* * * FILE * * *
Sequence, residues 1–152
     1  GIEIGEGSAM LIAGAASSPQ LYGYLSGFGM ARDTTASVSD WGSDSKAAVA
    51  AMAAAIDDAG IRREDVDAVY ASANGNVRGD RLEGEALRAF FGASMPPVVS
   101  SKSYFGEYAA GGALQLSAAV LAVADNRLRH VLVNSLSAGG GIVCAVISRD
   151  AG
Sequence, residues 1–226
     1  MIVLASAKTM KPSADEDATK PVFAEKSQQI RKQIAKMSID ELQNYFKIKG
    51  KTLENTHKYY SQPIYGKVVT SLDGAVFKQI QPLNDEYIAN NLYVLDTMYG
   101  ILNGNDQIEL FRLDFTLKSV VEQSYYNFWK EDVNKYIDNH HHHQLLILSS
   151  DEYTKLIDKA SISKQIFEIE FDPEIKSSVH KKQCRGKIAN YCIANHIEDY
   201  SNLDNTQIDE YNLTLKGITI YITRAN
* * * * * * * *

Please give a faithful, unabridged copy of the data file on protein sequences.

Sequence, residues 1–152
     1  GIEIGEGSAM LIAGAASSPQ LYGYLSGFGM ARDTTASVSD WGSDSKAAVA
    51  AMAAAIDDAG IRREDVDAVY ASANGNVRGD RLEGEALRAF FGASMPPVVS
   101  SKSYFGEYAA GGALQLSAAV LAVADNRLRH VLVNSLSAGG GIVCAVISRD
   151  AG
Sequence, residues 1–226
     1  MIVLASAKTM KPSADEDATK PVFAEKSQQI RKQIAKMSID ELQNYFKIKG
    51  KTLENTHKYY SQPIYGKVVT SLDGAVFKQI QPLNDEYIAN NLYVLDTMYG
   101  ILNGNDQIEL FRLDFTLKSV VEQSYYNFWK EDVNKYIDNH HHHQLLILSS
   151  DEYTKLIDKA SISKQIFEIE FDPEIKSSVH KKQCRGKIAN YCIANHIEDY
   201  SNLDNTQIDE YNLTLKGITI YITRAN